We recommend sealing the floors every year to protect itself against stains, dirt, and debris in the future.
- The first mode of action should be to clean the stain with some warm water mixed in with mild detergent or soap if the stain is still present after this application. Other stronger alternatives to try out are stated below.
- Glycerol-water mixture is a good alternative in the ratio of 1:4. We can add rubbing or isopropyl alcohol according to need.
- A poultice of absorbent materials like talc mixed in with trichloro-ethylene will work for stubborn stains. The above-stated methods apply stains caused by coffee, tea, or alcohol stains.
- We recommend dampening the area first with clear water.
- Sprinkle some sodium peroxide powder on the stained area and apply some water. Alternatively, we can use a rag or saturated rag with water and let the rag sit for a period.
- An alternative solution is hydrogen peroxide or trisodium phosphate instead of sodium peroxide.
- Scrub using a soft-bristled brush and rinse with clear water.
- Ensure you neutralize the acidic solution with a vinegar-water mixture. The concentration of vinegar is recommended to be at 5 percent.
- Rinse again with clear water and let the area dry completely. Repeat the process if necessary.
Tobacco or Smoke Stains
- Approach the tobacco stain with a poultice made from grit scrubbing powder and hot water.
- The paste layer should average about half an inch. Let the poultice dry and scrub with clear water. Repeat the process as necessary.
- For tough smoke stains, the best poultice to use is trichloroethylene poultice. Application is the same as the tobacco stain poultice. We can also use powdered pumice.
Calking Compound Stain
- Approach the compound stain with a soft-bristled brush and scrape as much as possible.
- After the scraping is done, apply a poultice with denatured alcohol. Wait a bit of period till the calking compound start becoming brittle, and then brush it off.
- Rinse the area with soapy water or Trisodium phosphate and finish it off with a clear water rinse.
- Let the area air dry completely or help in drying with a clean rag.
- We recommend first trying with some WD 40 multi-use product and some elbow grease.
- In the worst-case scenario, opt for the following solution:
- Rust stains can be dissolved with oxalic acid powder. You can buy specific rust stain removers for concrete in the market. We recommend them as your primary method of removal.
- Some popular brands are chomp it out, Singerman, Iron out, etc.
- For harder methods, you can directly use powder. The dilution range is around 1 pound per 3.8 liters of water. Mop the area with this solution. An alternative to this can be ammonified solution of thioglycolic acid.
- This stain can be identified as deposits of white color. It may occur in both new and old concrete.
- Wet the surface and try removing the efflorescence with a soft-bristled brush done with a mixture of soapy water. We can remove most water-soluble compounds with this approach.
- For stubborn water-insoluble compounds, we will need muriatic acid. The highest concentration ceiling is ten percent. Always start with a lower concentration and move on to a higher concentration.
- If the concrete is colored, your concentration ceiling should be around one to two percent. High concentration will result in etching or color change.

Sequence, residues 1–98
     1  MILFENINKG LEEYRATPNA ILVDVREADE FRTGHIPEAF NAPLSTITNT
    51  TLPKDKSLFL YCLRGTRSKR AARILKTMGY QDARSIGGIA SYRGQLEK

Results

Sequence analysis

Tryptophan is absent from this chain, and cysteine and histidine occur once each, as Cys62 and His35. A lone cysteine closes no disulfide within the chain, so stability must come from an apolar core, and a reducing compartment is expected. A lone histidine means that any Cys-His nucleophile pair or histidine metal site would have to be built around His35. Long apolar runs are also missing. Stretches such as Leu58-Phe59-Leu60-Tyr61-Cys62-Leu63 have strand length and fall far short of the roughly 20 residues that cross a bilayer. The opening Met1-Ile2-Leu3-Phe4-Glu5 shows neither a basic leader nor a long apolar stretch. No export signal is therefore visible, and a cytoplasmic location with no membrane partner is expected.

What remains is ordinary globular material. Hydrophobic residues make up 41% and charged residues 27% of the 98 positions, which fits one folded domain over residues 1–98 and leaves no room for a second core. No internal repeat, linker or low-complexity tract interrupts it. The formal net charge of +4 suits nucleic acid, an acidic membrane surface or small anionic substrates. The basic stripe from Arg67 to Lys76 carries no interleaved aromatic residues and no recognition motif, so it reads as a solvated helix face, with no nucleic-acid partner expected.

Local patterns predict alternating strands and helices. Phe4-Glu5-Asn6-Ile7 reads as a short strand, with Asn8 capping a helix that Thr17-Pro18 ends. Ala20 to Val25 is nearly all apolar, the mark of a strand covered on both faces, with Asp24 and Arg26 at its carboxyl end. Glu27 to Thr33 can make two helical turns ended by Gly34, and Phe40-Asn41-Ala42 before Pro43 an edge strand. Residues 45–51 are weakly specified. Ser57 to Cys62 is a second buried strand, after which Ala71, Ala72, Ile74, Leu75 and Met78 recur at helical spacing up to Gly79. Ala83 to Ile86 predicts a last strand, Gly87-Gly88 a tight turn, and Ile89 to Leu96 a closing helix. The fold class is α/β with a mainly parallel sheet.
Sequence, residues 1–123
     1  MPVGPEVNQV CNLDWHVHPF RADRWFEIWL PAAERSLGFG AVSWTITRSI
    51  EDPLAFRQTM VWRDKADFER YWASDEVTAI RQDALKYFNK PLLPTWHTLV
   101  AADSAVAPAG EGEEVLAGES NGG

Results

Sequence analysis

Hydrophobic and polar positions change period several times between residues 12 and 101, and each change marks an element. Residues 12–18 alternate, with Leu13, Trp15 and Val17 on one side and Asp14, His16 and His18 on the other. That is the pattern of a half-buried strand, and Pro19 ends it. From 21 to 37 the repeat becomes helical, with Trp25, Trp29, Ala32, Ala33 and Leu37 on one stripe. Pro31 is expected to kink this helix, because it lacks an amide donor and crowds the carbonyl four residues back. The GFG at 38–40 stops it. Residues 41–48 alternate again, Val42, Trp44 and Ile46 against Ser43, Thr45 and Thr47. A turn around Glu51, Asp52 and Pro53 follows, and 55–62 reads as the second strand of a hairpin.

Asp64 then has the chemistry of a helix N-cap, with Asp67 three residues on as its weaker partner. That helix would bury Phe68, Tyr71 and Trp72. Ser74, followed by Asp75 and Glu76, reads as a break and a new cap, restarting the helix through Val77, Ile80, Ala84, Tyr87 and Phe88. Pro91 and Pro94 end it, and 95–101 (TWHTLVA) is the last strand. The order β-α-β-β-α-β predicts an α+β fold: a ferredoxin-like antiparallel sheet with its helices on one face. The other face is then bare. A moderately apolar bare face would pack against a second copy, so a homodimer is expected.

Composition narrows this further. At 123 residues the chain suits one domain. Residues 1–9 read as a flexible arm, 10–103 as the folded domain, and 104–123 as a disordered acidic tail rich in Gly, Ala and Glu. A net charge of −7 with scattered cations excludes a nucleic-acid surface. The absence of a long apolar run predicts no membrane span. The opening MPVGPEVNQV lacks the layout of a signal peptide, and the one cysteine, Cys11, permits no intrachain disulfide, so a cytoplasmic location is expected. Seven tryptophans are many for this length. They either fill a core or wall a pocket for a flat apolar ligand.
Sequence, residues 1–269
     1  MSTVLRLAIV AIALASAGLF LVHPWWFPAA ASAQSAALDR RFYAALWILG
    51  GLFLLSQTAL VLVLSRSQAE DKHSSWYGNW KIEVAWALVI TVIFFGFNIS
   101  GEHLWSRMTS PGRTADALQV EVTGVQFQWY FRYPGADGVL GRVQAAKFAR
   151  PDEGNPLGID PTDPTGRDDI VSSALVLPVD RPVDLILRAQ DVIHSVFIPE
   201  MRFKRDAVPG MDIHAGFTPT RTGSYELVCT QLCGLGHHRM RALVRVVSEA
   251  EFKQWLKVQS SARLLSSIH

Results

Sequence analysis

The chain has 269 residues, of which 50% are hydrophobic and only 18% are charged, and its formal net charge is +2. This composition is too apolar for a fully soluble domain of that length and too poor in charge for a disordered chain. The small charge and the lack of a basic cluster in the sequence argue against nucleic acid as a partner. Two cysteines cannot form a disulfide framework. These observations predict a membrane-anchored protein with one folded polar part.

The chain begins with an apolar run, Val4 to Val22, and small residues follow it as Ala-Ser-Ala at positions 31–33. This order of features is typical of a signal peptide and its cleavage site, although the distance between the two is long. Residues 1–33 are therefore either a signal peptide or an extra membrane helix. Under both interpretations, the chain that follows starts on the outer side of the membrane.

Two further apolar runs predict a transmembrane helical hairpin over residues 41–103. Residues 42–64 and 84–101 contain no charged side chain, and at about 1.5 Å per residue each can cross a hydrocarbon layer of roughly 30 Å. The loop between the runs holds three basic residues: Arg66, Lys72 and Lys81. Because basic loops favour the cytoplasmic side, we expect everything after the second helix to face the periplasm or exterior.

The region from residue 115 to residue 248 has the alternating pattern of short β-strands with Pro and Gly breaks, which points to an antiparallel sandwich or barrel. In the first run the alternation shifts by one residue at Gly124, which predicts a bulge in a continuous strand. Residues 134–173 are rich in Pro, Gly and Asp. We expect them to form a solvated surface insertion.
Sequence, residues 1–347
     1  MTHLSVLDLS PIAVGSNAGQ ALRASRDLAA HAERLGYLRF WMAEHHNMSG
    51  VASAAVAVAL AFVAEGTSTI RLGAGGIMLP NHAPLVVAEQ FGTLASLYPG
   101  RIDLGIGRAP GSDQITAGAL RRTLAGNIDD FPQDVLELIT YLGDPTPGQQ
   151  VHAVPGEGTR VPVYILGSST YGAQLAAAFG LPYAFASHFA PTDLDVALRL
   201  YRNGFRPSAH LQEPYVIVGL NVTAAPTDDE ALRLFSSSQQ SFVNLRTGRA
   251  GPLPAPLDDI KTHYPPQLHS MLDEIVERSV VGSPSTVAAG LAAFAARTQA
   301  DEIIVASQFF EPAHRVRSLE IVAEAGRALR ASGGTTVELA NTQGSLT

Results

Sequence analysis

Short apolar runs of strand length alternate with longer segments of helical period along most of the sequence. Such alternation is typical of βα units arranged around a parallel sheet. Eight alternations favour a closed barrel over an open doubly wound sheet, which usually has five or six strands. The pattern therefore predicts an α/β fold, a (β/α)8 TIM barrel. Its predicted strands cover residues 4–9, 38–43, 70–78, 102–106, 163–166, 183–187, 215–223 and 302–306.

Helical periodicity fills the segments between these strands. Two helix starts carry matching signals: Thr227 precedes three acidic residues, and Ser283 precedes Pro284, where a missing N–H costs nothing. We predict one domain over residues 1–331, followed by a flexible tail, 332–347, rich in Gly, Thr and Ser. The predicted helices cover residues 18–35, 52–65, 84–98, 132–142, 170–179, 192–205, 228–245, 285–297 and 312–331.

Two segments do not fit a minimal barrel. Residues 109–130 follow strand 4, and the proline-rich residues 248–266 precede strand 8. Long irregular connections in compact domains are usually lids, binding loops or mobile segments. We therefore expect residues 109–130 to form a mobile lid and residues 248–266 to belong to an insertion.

- Other alternatives are a phosphoric acid-water mixture in the ratio 1:9 or phosphoric, acetic acid, and water ratio of 1:1:19.
- Brushing the surface should be done at an average of 5 to 10 minutes delay after using these solutions.
- Rinse the whole area with clean water and let it dry completely.
- We recommend treating the entire concrete area to maintain a uniform appearance and avoid color variations.
- Please opt for saturating the stained area with water to dampen the surface.
- Apply a hydrochloric acid solution at a max concentration of ten percent, depending upon the need for aggressiveness.
- If the concrete is colored, apply for a weaker concentration.
- Rinse the area with clear water after treatment is done.
Copper/ Bronze Stains
- We can identify these stains as bluish-green stains on the concrete. The best way is to mix absorbent materials like clay, talc, calcium carbonate with ammonium chloride.
- Our goal is to make a poultice. Place the paste over the stain and let it dry.
- Scrub the area with clear water later to remove residue.
- Repeat the process as necessary.
Oil & Grease Stains
- Scrubbing is the universal method for grease-related stains as it does not penetrate the concrete. We recommend detergent/soap water mixture, trisodium phosphate-water mixture, or commercial degreasing options.
- Suppose the stain is still present. A poultice is a way to go. We can use mineral spirits, trichloroethylene to make the poultice. Apply the absorbent poultice to the stain & let it dry. Scrub the area with soapy water or trisodium water mixture and rinse with clear water later.
- In terms of cleaner, alkaline-based solvents are recommended. In large areas, butyl-cello solve or metasilicate will work too. Other alternative solvents to try out are sodium carbonate, carbon tetrachloride, and chloroform. Remember, proper ventilation is a must.
- Oil, on the other hand, does penetrate the concrete. Use plenty of absorbent materials on the surface with plenty of paper towels or cloth. Later ty scrubbing with soapy water, trisodium water mixture, or detergents.
- There are plenty of oil stain-specific commercial removers. We recommend them as primary methods.